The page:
The hunters who attend the SCI convention know these truths, despite the unwillingness of much of the mainstream media to acknowledge such realities. SCI and hunters everywhere are continually engaged in fighting one of the great mis- information campaigns of our time that is aided and abetted by a media largely content to play along with the narratives of animal rights groups whose record of conserving wildlife have been abysmal. That is, animal rights organizations have proven skillful in using emotionally charged visuals and rhetoric to raise money but their solutions—trophy import bans, hunting closures, and the like—have been death sentences to scores of species around the globe.
In a couple of weeks, leaders of many African nations, state and federal conservation officials, biologists, university wildlife researchers, and philanthropists will join the thousands of other guests at the SCI convention at Nashville’s Music City Center and will simply enjoy a remarkable collection of people, events, speakers, entertainers, artisans, craftsmen, and others in righteously celebrating their lifestyle.
As Teddy Roosevelt, whose force of intellect and conviction, made him among America’s most consequential Presidents, wrote more than a generation ago, “In a civilized and cultivated country wild animals only continue to exist at all when preserved by sportsmen. The excellent people who protest against all hunting, and consider sportsmen the enemies of wildlife, are ignorant of the fact that the genuine sportsman is the most important factor in keeping the larger and more valuable wildlife creatures from total extermination.”
That is a reality that endures today and extends across the globe. SCI, its members and supporters, have been key in helping create a firewall between enduring wildlife populations and annihilation of species at the hands of poachers, development, and greed. SCI’s staff and volunteers who are on the front lines of these global debates are part of the line-up of speakers that offer yet another facet of the Nashville event, equipping their members with informed arguments in a natural world awash in hyperbole.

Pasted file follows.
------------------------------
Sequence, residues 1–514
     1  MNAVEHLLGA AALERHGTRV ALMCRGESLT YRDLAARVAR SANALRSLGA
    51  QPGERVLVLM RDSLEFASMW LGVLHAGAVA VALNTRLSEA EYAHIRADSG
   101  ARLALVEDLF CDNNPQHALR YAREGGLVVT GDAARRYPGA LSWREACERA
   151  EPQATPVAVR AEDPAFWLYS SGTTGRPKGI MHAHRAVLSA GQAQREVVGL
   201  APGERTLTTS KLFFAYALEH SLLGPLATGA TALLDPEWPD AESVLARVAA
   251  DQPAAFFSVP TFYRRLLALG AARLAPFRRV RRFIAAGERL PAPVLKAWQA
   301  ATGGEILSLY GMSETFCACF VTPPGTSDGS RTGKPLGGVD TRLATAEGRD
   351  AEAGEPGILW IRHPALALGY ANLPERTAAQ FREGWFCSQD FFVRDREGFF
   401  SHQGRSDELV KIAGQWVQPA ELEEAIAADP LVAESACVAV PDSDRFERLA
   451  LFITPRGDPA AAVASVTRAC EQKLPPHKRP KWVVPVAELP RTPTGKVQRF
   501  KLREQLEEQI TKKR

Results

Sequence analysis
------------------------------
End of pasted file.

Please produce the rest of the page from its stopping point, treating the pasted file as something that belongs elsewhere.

Wander the endless aisles of the convention and you’ll find paintings and bronzes from the world’s most talented wildlife artists. There also will be immaculate firearms from the planet’s greatest gunmakers that are the result of thousands of hours of work by master engravers, the guns representing exquisite pieces of sporting art. Taxidermy displays here surpass anything you’ll see in America’s top natural history museums. Moreover, bespoke home furnishings and accoutrement that reinforce the outdoor lifestyle of so many patrons will be on display. Auctions for trips, gear, and custom goods are another mainstay of this convention. Finally, guides, outfitters, and professional hunters from some of the most remote regions of our planet will be ready to share what is special about their places, wildlife, and the experiences they offer.
Visit the convention and subsequently travel to the world’s great wildernesses and you will become a part of a growing global network of hunters and advocates who have seen first- hand the magic of wild places and creatures whose fate often hinges on support provided by hunters.
For many, that’s reason enough to be a part of the greatest hunting and conservation show on Earth.